Michelle's Reviews > The mysteries of Udolpho

The mysteries of Udolpho by Ann Radcliffe
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** spoiler alert ** Slow to start, Udolpho is not what I expected from the allegedly archetypal Gothic romance novel. There are hardly any murders, and not one torture chamber to be found. Instead, we have poems and a bland romance, though counterbalanced with some genuine tension and surprises.
Emily, the heroine, can be very annoying, and I was more interested in the servants' stories than hers. At first, she was what I expected: a gentle, quiet girl who fainted so often you'd think she was narcoleptic. Then her father died, and she proceeded to wallow in grief for months. After things picked up, she was bearable, but then Emily found out that her dear Valancourt wasn't the perfect shining knight she'd thought, all from from hearsay. She immediately decides that not only should she not give him an opportunity to explain himself, she will never speak to him again, period. There are many, many scenes of Emily encountering, being tormented with thoughts of, and rejecting Valancourt.
I would have liked to read more about the minor characters. Specifically, Anette, Emily's servant, her boyfriend Ludovico--he disappears without a trace from a locked, "haunted" room!--and Count Morano, the hot-headed suitor Emily rejects. His dogged persistence in chasing her down and trying to run off with her intrigued me. Valancourt, after his fall from grace, became a more interesting character as well, since I'm rather fond of flaws in my characters.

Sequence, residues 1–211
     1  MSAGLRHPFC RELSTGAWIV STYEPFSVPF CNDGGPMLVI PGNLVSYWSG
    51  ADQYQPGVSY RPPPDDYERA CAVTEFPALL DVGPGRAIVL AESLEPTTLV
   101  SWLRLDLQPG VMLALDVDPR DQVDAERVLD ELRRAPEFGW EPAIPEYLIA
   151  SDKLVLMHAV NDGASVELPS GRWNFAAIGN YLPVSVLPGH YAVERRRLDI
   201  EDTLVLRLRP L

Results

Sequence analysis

The plot is enjoyable, after Emily comes home from vacation. Her long, thoroughly described, purple prose-crammed vacation. The villain, Montoni, didn't strike me as very threatening, due to his not actually doing anything to Emily or any of his other prisoners. He just hangs out in a castle and bullies Emily into signing over her property. Hence, I suppose it's all right that he receives his just deserts offscreen.
Conclusion: it's okay. Skimming the descriptions of scenery, the poems, and if Emily doesn't grate on you as much as I, it's not a bad book. Yes, the prose is stilted in the usual novels-have-just-been-invented style, but unlike, say, Moby Dick, there aren't any chapters of abandoning the characters to describe something tangential to the plot. Good read for satisfying curiousity, not for its own merits.
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